Higher Learning: Philanthropy’s Impact on Graduate Students
A picture’s worth a thousand words, or so the saying goes. But does the brain agree? For that matter, does the brain interpret pictures differently than the way it reads alphabetic words? What about computer icons, and logograms such as Mandarin characters?
These are questions Sheng-Cheng (Hans) Huang, MS ’05, is trying to answer in the course of his study of human-computer interaction in the School of Information. Using a neuroimaging technique called functional Magnetic Resonance Imaging, or fMRI, Huang hopes to identify the cortex of the human brain that is activated when we view a picture, icon, alphabetic word, or Mandarin character. He then hopes to figure out the regions and routes our brains use to attach meaning to these different presentations of information.
“It’s critical that we understand the cognitive processes of how we interact with information, and consequently how we establish criteria and make conscious decisions in selecting what is meaningful or useful,” says Huang. Understanding these processes, he says, will allow for better design in human computer interaction, including website usability and technological product design.
Randolph Bias, an associate professor in the iSchool and Huang’s mentor and adviser, describes him as “a serious student, indefatigable in his pursuit of the experience that will allow him to be a first-rate academic.” Huang’s dedication has been rewarded at UT with support from the Cullen Trust for Higher Education Endowment Fund and the Catheryne S. Franklin Centennial Endowed Scholarship.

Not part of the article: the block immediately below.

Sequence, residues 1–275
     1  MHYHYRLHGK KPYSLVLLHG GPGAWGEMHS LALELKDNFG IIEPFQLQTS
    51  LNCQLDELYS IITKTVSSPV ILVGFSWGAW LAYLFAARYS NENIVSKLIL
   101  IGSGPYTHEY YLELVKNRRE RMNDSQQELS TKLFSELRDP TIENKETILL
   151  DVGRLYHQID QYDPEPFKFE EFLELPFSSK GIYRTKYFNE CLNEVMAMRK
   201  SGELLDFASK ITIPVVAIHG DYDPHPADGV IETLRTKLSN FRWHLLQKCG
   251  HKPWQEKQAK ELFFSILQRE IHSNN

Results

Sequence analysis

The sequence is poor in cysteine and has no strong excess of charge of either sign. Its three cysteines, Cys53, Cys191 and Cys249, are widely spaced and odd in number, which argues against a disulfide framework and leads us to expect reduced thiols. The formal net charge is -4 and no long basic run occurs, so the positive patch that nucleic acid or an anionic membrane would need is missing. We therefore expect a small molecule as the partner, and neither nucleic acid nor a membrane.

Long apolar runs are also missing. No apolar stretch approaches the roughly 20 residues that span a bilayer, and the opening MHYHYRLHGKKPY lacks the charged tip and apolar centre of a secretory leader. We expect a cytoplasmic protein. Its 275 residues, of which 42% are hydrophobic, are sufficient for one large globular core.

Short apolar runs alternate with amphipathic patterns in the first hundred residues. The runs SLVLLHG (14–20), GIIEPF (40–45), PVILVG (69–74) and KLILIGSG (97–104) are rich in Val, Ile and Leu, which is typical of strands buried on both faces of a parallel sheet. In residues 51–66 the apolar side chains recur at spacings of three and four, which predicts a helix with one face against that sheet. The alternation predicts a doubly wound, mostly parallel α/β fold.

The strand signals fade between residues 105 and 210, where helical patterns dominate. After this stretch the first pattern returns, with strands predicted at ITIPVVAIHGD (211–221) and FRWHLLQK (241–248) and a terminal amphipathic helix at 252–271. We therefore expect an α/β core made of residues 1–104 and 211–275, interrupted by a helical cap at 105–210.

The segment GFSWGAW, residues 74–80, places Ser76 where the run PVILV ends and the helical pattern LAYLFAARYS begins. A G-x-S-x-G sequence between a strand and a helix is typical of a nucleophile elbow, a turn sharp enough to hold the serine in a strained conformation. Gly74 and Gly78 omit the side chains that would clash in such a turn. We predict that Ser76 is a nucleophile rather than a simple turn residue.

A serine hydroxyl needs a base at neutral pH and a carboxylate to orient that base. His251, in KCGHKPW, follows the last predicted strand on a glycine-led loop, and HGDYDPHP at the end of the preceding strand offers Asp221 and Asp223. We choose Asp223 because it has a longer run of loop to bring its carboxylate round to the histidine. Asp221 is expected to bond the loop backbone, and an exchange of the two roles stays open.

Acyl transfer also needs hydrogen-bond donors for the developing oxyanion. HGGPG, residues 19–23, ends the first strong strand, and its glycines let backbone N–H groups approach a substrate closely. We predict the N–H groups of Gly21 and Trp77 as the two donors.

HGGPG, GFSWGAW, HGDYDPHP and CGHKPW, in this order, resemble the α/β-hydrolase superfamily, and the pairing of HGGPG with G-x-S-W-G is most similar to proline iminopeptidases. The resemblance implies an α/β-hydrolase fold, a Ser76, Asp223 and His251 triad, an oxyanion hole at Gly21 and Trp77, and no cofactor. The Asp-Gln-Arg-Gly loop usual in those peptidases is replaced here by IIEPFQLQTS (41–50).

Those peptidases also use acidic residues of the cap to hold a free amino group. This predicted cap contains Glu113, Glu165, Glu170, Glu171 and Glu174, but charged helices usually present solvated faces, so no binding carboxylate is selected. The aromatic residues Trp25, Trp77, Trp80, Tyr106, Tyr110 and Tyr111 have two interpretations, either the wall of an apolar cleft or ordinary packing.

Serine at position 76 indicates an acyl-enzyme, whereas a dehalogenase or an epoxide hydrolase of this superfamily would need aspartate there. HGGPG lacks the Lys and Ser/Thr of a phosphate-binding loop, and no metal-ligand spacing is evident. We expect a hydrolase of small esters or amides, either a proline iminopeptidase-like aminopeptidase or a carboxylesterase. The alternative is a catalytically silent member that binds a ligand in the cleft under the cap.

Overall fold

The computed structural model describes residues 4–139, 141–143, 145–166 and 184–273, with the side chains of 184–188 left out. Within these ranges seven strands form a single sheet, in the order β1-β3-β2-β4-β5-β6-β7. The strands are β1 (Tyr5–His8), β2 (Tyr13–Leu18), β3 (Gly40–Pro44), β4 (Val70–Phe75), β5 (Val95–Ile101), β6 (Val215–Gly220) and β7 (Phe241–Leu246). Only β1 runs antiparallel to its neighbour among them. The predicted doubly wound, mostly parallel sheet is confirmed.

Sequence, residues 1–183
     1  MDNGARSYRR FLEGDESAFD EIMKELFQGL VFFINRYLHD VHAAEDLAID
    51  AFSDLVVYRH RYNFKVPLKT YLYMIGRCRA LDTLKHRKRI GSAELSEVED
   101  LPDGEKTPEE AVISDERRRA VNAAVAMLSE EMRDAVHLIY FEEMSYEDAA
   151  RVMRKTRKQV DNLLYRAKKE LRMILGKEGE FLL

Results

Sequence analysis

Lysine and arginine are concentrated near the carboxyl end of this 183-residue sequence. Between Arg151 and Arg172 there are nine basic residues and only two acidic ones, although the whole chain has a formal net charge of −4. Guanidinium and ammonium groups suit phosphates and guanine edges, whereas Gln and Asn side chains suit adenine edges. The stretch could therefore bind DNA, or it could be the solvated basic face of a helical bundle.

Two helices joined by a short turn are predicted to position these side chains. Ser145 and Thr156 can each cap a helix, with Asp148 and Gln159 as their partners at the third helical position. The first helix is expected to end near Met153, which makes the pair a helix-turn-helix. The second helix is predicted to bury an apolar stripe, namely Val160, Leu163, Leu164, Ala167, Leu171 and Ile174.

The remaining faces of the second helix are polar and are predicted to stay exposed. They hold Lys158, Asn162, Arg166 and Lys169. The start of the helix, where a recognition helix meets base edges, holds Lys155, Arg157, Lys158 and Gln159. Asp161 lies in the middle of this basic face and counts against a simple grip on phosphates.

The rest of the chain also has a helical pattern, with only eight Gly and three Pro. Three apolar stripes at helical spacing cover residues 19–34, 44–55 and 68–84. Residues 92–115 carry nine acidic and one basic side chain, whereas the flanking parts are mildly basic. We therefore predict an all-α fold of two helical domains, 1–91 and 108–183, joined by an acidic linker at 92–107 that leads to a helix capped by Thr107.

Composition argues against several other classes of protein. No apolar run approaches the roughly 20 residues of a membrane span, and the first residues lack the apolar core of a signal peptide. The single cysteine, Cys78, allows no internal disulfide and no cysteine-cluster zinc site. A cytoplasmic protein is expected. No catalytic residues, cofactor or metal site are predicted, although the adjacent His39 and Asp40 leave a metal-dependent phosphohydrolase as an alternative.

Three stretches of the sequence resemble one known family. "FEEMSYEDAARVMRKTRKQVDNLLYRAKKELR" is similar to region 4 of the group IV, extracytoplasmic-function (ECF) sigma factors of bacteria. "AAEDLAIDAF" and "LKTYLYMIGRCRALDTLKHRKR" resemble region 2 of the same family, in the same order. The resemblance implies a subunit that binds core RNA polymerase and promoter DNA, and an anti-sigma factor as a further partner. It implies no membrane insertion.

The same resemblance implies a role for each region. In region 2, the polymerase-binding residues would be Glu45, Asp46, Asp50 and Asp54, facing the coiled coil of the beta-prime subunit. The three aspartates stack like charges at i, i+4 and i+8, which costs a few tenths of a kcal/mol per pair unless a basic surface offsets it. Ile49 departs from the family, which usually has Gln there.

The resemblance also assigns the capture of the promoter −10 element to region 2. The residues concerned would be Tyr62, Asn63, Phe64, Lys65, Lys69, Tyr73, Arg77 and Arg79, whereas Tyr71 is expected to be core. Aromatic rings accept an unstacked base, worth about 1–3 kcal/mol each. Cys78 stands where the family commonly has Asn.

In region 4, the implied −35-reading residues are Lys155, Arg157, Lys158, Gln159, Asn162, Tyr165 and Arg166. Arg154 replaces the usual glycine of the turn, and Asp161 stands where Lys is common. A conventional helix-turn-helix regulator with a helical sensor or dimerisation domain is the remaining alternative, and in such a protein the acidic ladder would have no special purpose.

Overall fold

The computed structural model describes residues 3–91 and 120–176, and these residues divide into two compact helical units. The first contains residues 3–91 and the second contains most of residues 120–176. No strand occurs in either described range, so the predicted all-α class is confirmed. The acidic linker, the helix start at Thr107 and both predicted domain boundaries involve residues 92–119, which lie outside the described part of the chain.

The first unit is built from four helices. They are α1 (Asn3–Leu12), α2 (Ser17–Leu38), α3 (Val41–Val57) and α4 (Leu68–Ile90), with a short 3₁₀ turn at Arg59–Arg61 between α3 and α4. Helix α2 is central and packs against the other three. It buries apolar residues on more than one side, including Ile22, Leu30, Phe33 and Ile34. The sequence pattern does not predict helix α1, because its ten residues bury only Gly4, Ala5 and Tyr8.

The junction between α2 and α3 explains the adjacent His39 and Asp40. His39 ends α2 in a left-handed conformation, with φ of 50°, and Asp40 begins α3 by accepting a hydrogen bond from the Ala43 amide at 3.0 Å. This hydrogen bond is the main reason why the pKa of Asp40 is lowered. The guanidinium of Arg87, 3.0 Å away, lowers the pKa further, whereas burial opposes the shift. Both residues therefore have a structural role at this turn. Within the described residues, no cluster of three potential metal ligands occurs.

Huang recognizes that in studying “information” — a rather broad academic field — it is important to work across disciplines in his research. He is taking advantage of the breadth of resources at the University by bringing his background in engineering, computers, and information together with the neuroscience, psychology, and linguistics departments. With help from UT’s Imaging Research Center, where many fMRI studies have been done, Huang will complete a structural and functional scan of the brain while his human research subjects complete cognitive tasks related to processing information. He then will conduct an imaging analysis to identify specific brain regions the subjects used to understand what they experienced.
Use of fMRI technology has the potential to unlock new discoveries in optimal brain and neural processing, and Huang is working at the forefront of this new area. He “possesses the essential knowledge of neural informatics, psycholinguistics, and electrical and computer engineering to allow him to push the frontiers of research in this significant area,” according to iSchool professor E. Glynn Harmon.
A native of Taiwan, Huang has lived in Texas since 2001. He received an MS from the University of North Texas before enrolling at UT, where he has earned another master’s degree and is now working toward a doctorate. His favorite thing about Texas has been the people, especially their willingness to help him and make him feel at home. And just how much are they willing to help? So much that some will even let him peek into their brains in the name of science — and good website design.
by Kathleen Mabley
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